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Mol Cell Biol. 2010 May;30(10):2341-52. doi: 10.1128/MCB.00091-10. Epub 2010 Mar 15.

Differential requirement for H2AX and 53BP1 in organismal development and genome maintenance in the absence of poly(ADP)ribosyl polymerase 1.

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  • 1Department of Radiation Oncology and Molecular Radiation Sciences, Sidney Kimmel Cancer Center, Johns Hopkins University, 1550 Orleans St., CRB II, Room 405, Baltimore, MD 21231, USA.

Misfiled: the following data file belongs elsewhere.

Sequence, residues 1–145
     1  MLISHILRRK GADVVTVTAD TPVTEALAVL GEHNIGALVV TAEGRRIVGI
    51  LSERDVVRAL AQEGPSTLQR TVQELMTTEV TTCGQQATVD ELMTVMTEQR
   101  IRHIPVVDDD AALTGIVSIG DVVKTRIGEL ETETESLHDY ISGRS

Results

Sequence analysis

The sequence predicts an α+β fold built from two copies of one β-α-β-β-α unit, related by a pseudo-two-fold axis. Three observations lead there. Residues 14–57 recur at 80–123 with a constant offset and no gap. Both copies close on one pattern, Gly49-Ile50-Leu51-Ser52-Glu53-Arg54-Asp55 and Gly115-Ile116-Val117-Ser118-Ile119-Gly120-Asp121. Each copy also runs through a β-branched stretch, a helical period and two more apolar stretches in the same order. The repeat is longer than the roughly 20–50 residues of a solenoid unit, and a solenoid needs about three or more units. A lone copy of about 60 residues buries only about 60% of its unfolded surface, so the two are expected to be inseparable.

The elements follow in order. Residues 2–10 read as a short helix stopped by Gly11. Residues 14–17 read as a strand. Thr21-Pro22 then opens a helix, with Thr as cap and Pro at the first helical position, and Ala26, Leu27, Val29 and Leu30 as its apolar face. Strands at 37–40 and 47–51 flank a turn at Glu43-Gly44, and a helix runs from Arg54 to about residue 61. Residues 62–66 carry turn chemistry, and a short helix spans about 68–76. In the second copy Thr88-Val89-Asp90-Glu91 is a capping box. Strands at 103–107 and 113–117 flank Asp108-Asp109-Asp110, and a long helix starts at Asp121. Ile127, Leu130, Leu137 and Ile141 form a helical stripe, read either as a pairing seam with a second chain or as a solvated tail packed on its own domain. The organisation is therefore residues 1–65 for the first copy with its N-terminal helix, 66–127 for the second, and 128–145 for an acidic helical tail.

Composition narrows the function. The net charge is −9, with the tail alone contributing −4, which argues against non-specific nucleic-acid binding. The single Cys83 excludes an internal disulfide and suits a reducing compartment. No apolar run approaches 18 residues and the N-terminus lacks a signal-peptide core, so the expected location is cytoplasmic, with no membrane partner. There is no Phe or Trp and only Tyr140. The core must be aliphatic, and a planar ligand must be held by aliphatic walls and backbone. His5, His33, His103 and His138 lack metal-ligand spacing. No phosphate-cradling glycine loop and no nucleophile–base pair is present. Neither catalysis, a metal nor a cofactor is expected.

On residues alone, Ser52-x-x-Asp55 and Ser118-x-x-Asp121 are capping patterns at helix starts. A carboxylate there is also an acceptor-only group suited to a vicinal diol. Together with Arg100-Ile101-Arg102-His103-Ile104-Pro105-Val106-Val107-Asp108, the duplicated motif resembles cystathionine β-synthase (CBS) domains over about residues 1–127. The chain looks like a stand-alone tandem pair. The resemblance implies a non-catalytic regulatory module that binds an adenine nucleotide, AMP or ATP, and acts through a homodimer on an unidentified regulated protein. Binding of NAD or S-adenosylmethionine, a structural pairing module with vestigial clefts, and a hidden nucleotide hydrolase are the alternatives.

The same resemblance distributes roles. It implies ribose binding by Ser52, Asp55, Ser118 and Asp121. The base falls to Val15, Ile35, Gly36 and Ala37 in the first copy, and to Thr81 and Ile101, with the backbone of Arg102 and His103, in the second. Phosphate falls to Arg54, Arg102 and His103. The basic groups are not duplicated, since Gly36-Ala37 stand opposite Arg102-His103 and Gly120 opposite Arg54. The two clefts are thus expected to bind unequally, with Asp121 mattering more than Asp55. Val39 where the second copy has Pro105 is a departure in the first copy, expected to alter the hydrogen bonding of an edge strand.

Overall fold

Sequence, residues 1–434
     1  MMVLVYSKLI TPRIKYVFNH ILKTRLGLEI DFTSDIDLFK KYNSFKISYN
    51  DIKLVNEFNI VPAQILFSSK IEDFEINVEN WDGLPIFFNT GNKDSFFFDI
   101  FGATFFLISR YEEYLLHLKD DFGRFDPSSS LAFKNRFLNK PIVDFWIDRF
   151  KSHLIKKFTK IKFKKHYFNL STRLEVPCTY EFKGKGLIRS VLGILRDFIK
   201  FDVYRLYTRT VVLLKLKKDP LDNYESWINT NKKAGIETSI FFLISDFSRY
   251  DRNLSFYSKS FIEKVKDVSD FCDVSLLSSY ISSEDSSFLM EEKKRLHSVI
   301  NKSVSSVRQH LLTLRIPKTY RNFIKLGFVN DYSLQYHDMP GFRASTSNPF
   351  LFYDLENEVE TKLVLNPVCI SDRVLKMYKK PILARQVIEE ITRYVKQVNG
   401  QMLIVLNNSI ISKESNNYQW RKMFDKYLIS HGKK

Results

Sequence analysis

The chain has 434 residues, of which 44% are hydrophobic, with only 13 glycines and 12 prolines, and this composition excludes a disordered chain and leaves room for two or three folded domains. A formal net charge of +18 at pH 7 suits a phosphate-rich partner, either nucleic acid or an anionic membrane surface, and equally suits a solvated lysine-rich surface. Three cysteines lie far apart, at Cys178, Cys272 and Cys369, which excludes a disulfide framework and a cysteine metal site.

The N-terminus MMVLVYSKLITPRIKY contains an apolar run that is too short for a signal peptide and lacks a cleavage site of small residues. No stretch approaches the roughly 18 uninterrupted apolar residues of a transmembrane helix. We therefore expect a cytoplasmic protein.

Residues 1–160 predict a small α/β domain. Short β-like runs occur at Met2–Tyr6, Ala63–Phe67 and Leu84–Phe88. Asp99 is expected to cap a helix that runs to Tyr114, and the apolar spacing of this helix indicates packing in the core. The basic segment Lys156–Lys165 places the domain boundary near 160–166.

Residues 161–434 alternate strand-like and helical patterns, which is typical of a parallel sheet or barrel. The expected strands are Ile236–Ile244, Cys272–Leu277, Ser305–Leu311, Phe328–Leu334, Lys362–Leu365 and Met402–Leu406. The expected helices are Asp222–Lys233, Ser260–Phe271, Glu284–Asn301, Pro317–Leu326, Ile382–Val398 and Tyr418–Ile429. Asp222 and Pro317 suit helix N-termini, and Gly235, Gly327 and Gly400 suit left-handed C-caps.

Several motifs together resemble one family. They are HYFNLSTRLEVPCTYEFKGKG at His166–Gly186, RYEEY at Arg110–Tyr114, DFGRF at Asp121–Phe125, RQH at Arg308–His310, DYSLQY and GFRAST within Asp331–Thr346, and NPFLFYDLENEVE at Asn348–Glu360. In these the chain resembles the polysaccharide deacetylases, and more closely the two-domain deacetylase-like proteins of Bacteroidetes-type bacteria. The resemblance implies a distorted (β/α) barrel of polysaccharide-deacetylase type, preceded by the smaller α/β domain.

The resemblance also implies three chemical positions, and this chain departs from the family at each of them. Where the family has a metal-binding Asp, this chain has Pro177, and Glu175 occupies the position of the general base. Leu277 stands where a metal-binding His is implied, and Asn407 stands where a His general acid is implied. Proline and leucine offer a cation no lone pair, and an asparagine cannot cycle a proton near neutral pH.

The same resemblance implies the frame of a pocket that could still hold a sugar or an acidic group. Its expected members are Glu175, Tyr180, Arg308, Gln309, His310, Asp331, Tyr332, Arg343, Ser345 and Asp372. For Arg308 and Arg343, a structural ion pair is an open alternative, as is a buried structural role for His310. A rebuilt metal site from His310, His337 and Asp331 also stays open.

Combined deficiencies of poly(ADP)ribosyl polymerase 1 (PARP1) and ataxia telangiectasia mutated (ATM) result in synthetic lethality and, in the mouse, early embryonic death. Here, we investigated the genetic requirements for this lethality via analysis of mice deficient for PARP1 and either of two ATM-regulated DNA damage response (DDR) factors: histone H2AX and 53BP1. We found that, like ATM, H2AX is essential for viability in a PARP1-deficient background. In contrast, deficiency for 53BP1 modestly exacerbates phenotypes of growth retardation, genomic instability, and organismal radiosensitivity observed in PARP1-deficient mice. To gain mechanistic insights into these different phenotypes, we examined roles for 53BP1 in the repair of replication-associated double-strand breaks (DSBs) in several cellular contexts. We show that 53BP1 is required for DNA-PKcs-dependent repair of hydroxyurea (HU)-induced DSBs but dispensable for RPA/RAD51-dependent DSB repair in the same setting. Moreover, repair of mitomycin C (MMC)-induced DSBs and sister chromatid exchanges (SCEs), two RAD51-dependent processes, are 53BP1 independent. Overall, our findings define 53BP1 as a main facilitator of nonhomologous end joining (NHEJ) during the S phase of the cell cycle, beyond highly specialized lymphocyte rearrangements. These findings have important implications for our understanding of the mechanisms whereby ATM-regulated DDR prevents human aging and cancer.

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